Home Building Articles

Spray Foam Insulation: Tips and Best Practices

Spray Foam Insulation: Tips and Best Practices

June 23, 2009

A large percentage of heat escapes through the attic and the walls of a home. However, a new approach to insulation can make a big difference.

In order to build a better thermal envelope, we need to look at the second law of thermodynamics. This law states that heat flows in one direction, from a warm space to a cold one. For example, warm air inside a home will flow to the cooler air outside during winter months.

Fiberglass batt insulation helps prevent this from happening, but there's a better method for preventing heat loss-one that is easy to install and is within your budget.

The best practice for insulating is to use spray foam insulation to fill the spaces between the framing studs in the walls and attic. Spray foam insulation is non-toxic and typically has a lifetime guarantee. It expands to about 100 times its original volume, so it fills in air gaps unlike standard fiberglass insulation. Over time, as the house expands and contracts, so will the foam insulation. This eliminates cracks and spaces for warm air to escape.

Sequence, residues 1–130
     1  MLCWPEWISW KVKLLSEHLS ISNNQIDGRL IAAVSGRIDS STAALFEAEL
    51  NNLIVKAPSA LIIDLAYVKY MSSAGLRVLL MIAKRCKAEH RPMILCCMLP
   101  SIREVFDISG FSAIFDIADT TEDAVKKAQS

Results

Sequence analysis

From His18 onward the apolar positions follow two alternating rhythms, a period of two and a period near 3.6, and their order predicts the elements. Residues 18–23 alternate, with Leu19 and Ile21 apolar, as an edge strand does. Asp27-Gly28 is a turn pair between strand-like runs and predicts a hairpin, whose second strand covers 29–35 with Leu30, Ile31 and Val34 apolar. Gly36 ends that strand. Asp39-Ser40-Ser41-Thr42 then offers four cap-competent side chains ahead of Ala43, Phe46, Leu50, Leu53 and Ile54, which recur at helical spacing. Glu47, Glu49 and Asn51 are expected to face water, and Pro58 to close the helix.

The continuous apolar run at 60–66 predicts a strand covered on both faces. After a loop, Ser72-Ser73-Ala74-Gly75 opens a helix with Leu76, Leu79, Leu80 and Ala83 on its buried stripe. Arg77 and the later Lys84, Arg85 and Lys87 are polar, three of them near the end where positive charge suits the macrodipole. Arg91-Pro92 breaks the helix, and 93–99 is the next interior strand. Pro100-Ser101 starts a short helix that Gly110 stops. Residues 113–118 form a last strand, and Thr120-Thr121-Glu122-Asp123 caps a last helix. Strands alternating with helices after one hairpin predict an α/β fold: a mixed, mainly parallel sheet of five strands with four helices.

The most common insulation method is to sue fiberglass insulation batts, which are placed between the studs and stapled into place. The drywall is then nailed over it, creating a straight wall. Although this is an acceptable method, it does not create an airtight seal, so heat can blimp. That's a lot of air and a lot of wasted energy and money!

By using the better practice of spray foam insulation in walls and attics, you can create a better air-tight envelope. This gives an advantage over common batt insulation in both efficiency and cost.

*Source: HGTVpro.com